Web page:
Thursday, December 29, 2005

Replacing Resentment With Forgiveness

I love science. I'm not a scientist, but I love the observation of "the way things are".

And one of the "way things are" is that we are "fearfully and wonderfully made" (Psalm 139:14).

And one of the ways we are fearfully and wonderfully made is in how our soul (mind, emotions and will) affects our body.

And one of the ways our soul affects our body is in the devasting effects of unforgiveness.

We might assume this from the Scriptures, and rightfully so, but it is science which has actually demonstrated that the following is true:

"Resentment is like taking poison, and waiting for the other person to die."

Self-interest is not as high a motive as Spirit-filled obedience to our loving God, but it doesn't hurt to hear the words of scientists who have studied unforgiveness. They have universally found that unforgiveness, bitterness, anger, etc., cause increases in heart rate, blood pressure, cortisol (a fat-producing hormone), nervousness, adrenalin, restlessness, sadness, cardiovascular disease, relationship problems (duh..), and immune deficiency.

But forgiveness is only possible as we draw near to our Lord. As we commune with Him, as He expresses His Life through us, as we are filled with His Spirit, and as we walk by the Spirit, forgiveness is as natural as the fruit of the Spirit, which is love. Fellowship with Him. Practice His Presence. Let go of the resentment.

Oh, that Grace and forgiveness would govern our relationships. Healing balm for our souls and bodies. Isn't science something?

Listen to "Grace For Life" Radio Program.


mightyelf said...

i have to say that resentment can be a killer. i have witnessed what resentment can do to the person resenting and the one who is being resented. it all starts with a fear. and leads a person to believe they have been wronged in some way, which usually turns out to be wrong thinking. forgiveness, understanding, love, and tolerance should be practiced every minute. prayer should never be underestimated. thy will not mine, but for the grace of god go i, god grant me the serenity.. love and peace to all lisette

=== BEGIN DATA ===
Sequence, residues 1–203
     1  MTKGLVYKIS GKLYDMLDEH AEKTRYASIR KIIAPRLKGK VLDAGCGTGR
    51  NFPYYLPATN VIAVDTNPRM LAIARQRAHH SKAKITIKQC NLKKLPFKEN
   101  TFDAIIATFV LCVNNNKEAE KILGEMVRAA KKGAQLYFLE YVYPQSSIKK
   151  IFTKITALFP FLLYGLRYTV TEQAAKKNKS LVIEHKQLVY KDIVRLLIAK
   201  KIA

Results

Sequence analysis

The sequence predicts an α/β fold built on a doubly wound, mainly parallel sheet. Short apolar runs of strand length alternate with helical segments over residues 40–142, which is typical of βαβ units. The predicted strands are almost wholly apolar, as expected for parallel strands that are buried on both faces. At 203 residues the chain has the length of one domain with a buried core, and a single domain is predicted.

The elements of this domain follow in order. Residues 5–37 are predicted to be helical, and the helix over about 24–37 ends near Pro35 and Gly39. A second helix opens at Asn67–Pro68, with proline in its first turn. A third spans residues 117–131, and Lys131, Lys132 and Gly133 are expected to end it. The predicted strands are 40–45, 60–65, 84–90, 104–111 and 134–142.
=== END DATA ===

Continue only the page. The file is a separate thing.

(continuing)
Terry Rayburn said...

Hi Lisette,

"But for the grace of God go I" should keep us all humble. Thanks.


Tim Archer said...

Seems to me that part of the problem is that we have trouble accepting our own forgiveness and have trouble forgiving ourselves. Until we can clear those hurdles, we can't see our way clear to grant forgiveness to others.

Grace and peace,
Tim Archer

Terry Rayburn said...


Good comment. I think there's some truth there, and even a further link in that bad chain, which is this:

When we don't really appropriate (believe and feel) the Lord's total forgiveness of us, it hinders forgiving ourselves, which, as you point out, in turn can hinder our forgiving others.

Solution: understand and bask in the love and forgiveness Christ has given us.

Revol said...

"Resentment is like taking poison, and waiting for the other person to die."

This is one of my favorite quote's, but I do not know remember who wrote it. Maybe it was in one of your other articles Terry.

I am in the process of reading all your archives Terry, and this is the very first time I have read anything that I do NOT quite agree with - "We might assume this from the Scriptures". Actualy I doubt that you really meant we assume. :)

Keep the great articals coming Terry, I love reading them.


Terry Rayburn said...

Hi Michael,

The quote is from Malachy McCourt, brother to Frank McCourt, well-known Irish schoolteacher and author of Angela's Ashes and 'Tis, who passed away recently.

"I doubt that you really meant we assume."

LOL! Yeah, if I was writing it over again I might very Britishly say...

"One might deduce from Scriptures (and I would quite agree)..." :)

Miss Marple would be proud.

Thanks, Michael.